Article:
Mozart composed his penultimate Pianosonata K.570 in February 1789. The perfection of writing and its essential and frank character immediately made it a rather popular piece. This also explains why in some anonymous arrangements of the nineteenth century an accompanying violin part appears (the part of the piano remains unchanged), an undeniable indication of the fame it enjoyed. In the transcription the original key of B flat major, for obvious reasons of playability and extension, was transferred to D major. The Sonata is composed of three movements; among these, the second stands out. Here, moments of ineffable grace alternate passages of an agonizing chromatism that already forebode feverish romantic atmospheres. A masterpiece at the same time disturbing and poignant. The transcription process took many years of hard work; the reason was especially a passage of 8 bars in the first movement which, due to a highly idiomatic type of writing, did not allow themselves to be caged in the lesser possibilities of the guitar.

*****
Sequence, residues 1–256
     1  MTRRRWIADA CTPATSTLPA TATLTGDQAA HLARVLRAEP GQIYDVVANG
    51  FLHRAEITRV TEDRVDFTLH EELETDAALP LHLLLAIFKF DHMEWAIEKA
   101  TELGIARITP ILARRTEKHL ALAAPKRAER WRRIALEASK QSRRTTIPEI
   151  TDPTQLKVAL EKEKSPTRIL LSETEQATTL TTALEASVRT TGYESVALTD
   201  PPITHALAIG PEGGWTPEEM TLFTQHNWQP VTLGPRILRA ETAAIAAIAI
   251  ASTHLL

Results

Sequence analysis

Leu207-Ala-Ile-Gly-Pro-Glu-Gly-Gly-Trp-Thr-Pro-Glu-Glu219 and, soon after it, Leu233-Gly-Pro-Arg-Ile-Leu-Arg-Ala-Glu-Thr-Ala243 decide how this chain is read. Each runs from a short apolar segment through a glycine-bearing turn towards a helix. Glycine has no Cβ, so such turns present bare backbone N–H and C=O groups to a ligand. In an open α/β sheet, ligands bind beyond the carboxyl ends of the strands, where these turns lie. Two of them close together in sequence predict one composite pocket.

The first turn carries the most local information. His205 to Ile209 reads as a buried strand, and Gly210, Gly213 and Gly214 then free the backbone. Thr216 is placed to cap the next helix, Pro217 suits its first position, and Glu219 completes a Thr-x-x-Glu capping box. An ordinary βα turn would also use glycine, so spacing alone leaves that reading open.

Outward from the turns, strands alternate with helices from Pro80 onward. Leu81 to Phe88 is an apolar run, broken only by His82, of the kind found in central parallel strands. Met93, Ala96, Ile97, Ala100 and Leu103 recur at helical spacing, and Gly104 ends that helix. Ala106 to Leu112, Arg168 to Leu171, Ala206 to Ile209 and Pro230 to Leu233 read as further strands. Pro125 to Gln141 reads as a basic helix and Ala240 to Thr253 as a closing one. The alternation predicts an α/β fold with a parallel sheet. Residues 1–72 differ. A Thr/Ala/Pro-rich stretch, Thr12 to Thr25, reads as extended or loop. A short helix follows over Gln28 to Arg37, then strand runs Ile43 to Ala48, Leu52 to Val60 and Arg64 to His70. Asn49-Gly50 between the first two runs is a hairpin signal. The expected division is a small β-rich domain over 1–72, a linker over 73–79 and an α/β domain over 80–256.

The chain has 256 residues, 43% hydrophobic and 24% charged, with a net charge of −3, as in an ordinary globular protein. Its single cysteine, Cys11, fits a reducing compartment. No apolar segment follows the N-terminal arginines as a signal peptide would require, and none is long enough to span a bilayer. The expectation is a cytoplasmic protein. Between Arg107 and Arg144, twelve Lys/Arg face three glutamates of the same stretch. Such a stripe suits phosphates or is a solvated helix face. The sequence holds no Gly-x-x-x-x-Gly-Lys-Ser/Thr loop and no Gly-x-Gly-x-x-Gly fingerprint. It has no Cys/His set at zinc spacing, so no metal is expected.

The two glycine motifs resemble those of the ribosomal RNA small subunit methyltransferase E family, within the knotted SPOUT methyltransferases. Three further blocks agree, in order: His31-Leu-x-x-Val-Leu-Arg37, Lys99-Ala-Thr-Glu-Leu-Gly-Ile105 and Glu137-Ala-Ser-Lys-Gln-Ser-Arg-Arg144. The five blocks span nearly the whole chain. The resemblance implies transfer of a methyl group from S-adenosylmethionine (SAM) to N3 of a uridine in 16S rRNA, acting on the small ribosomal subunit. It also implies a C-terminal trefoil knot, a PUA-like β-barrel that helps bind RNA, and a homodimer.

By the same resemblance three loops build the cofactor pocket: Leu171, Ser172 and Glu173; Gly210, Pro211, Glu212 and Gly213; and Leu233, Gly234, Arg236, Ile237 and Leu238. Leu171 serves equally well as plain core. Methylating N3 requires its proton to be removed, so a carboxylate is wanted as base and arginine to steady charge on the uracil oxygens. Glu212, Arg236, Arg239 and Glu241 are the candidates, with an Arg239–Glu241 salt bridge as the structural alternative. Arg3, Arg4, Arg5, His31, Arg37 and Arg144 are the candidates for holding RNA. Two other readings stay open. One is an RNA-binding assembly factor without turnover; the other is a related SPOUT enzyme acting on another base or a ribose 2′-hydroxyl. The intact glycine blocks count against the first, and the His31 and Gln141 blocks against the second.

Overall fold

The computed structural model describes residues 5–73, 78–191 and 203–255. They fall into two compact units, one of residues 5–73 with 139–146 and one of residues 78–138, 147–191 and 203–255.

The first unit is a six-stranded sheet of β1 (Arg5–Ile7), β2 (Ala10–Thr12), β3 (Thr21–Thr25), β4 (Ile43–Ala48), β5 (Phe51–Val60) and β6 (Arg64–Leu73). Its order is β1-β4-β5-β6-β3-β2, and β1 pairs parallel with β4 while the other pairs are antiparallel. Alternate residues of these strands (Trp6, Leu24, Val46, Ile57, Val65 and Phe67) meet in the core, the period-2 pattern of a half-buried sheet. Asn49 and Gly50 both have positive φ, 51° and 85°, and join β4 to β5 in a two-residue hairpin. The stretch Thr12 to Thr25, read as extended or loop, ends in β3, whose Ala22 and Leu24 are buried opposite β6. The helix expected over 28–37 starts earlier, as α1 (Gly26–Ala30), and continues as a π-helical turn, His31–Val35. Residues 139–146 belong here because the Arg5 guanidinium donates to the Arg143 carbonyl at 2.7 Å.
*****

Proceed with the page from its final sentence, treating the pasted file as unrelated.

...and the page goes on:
In the end, inspired by the transcription strategies of the great guitarists of the 19th century (but also of the Baroque composers), I simply decided to rewrite the passage in the way I would have proposed to Mozart if he had decided to compose the Sonata for guitar and I had been the editor. All this even required an Appendix with an alternative version, but in the end, I am very satisfied with the final result. The articulations (indicated with the full bow) and the dynamics are those present in the Urtext. Obviously, in compliance with the performance practice of that time, I took responsibility for adding the articulation where the composer had left it to the general knowledge of it and good taste of the performer (indicated through the bow with an intermittent line). Therefore, you can, if you want, change it as you wish.
Sonata K.570, W.A.Mozart